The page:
The King George River is one of those iconic Kimberley places that we were very keen to see and yet feared we might have to pass on. Across the entrance to the river, there is a large sandbar which is very shallow and changes position regularly. The latest waypoints from the Kimberley Cruisers Club (charted in April) mapped a zigzag S shape into the river mouth and we knew from everyone we had spoken with and from what we had read, that we needed to cross the bar on a rising tide, near high tide, to ensure a safe passage. Unfortunately for us, at the time we were in the area, high tide was at midnight. Attempting to follow the crucial twists and turns in darkness really didn’t appeal and normally with the tides as they were, we would have given this river a miss. But after much talking and thinking it through, we agreed to give it a go and came up with a plan. If we left very early in the morning so as to arrive at the entrance at sunrise, we may have a chance of getting through using the waypoints and spotting for the channel from the bow. So early to bed, in what was a pretty rocky anchorage at Kalooma Bay, just outside the river entrance. At 4:30am we were heading down to the entrance, watching a magnificent sunrise.
As we started to negotiate the sandbar, Peter stood up the front with his polaroids looking for the bottom, while I followed the pre-set waypoints. We had agreed that if the water level (under the boat) got to less than 1m we would back up and give it a miss. At one point the bottom rose sharply to less than 0.5m below our keel, but before we could react it dropped away again. This was a bit stressful, and all at 6am, well before my wakeup time. We finally got through the sandbar and the depth went to 3 m which was a huge relief; but not for long.
As we started up the river, another sand bar appeared. This was not expected and suddenly we were in 0.5m again. This is where having spent last night thinking through what we were planning to do proved very useful. In my head all night I had been piloting the boat around bends, keeping to the outside curve where the river should be deepest and trying to work out how to know when to cross the river to the other side. So, we made our way carefully over to the northern side of the river (the outside of the curve at that point) and found that if we travelled less than 5m from the rocks, yes that is correct less than 5m from the shear walls of (very pretty but very solid) rock, we stayed in 7-10m of water. Then there was the tricky bit when we have to cross to the other side of the river to match the curve, this is where Peter’s polaroids came to the fore.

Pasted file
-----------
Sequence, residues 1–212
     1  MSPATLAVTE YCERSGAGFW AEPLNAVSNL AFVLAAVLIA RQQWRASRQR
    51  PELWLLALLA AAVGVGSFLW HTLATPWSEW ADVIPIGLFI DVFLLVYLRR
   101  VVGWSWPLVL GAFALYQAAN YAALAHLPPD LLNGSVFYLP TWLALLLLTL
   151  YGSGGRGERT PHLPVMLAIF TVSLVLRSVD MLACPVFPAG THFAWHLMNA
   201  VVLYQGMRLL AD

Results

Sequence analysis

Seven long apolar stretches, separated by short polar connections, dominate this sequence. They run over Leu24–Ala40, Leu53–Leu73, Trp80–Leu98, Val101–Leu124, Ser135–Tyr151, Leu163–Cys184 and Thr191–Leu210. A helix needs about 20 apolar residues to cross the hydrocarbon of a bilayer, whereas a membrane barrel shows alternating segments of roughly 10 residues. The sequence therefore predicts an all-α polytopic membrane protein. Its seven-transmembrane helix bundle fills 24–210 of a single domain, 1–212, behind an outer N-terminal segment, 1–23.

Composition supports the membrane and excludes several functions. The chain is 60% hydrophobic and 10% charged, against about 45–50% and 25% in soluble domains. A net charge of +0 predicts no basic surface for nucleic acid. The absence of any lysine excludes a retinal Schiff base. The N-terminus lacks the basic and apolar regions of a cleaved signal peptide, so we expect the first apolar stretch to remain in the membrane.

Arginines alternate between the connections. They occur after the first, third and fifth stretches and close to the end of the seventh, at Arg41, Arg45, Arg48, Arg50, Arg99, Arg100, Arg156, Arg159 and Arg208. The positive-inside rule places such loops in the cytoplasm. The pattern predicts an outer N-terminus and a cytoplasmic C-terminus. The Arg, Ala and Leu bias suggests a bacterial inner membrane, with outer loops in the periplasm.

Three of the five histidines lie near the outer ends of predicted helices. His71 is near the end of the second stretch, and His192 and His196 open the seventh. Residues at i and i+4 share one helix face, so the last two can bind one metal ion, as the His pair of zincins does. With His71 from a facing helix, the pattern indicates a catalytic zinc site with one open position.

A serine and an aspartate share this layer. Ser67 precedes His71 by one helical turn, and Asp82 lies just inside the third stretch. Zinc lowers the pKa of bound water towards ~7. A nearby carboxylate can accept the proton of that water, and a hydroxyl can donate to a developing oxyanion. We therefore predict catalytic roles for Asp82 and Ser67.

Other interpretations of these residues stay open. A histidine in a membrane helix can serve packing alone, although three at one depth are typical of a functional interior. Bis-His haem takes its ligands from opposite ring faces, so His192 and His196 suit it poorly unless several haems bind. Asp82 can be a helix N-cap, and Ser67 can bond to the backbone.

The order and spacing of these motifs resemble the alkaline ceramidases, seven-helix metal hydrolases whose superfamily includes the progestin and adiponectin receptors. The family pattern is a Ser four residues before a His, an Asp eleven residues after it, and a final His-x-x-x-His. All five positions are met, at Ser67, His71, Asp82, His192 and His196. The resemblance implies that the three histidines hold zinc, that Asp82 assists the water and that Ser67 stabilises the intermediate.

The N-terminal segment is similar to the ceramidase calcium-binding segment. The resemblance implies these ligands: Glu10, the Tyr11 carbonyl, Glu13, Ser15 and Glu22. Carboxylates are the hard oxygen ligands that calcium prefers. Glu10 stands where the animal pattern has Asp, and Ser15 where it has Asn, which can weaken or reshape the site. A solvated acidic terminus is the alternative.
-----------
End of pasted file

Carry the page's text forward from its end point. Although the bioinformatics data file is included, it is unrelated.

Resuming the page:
[The reason shallow entrances should be attempted on a rising tide is so that the tide coming in can help lift the boat off the bottom if you hit. On a dropping tide (which we were on) the tide keeps taking water away leaving you high and dry until the next high tide – which at the moment was 12ish hours away].
The photo shows our path on the plotter (the photo was taken on the way out, hence the 2 tracks) and as you can see according to the technology I was ploughing through dry land. Yet again a case of work with what you can actually see around you not what the technology suggests.
While all this was going on, we were absolutely being blown away by the scenery.
After the initial half hour of sphincter tightening (Peter’s terminology) everything settled down; I got into the swing of the curves and the feel of the river, and we could relax and take in the view. As we got closer to the head of the river (in this case the falls) where we were planning to anchor, we passed a small beach, which in our research was said to be a good place for a barbecue. What we saw there was a set of croc tracks; a good metre in width of main slide with claw marks outside that. We did not want to meet that monster in our dinghy! Finally, we pulled up and anchored less than 200m from where the Twin Falls were not falling. The scenery, stillness and silence (apart from the bird song, which I didn’t realise I had missed until now) definitely made up for the stressful start to our day.
The King George River is a very famous tourist attraction with twin waterfalls that thunder down during the wet season (and into the dry). But at the time of year we were visiting, the falls were dry and the place was beautifully quiet. Again, no-one else was there which suited us fine. Because of the narrowness of the gorge we were in deep shadow, but the temperature was over 36 degrees and there was no breeze at all.
I was very concerned that Neon wasn’t handling the heat well and took to washing him under the shower; by the third such treatment he had given up even struggling and just sat there accepting his fate. Between loss of fur and a fishier diet, he is now almost literally half the cat he was when we left Perth 5 months ago.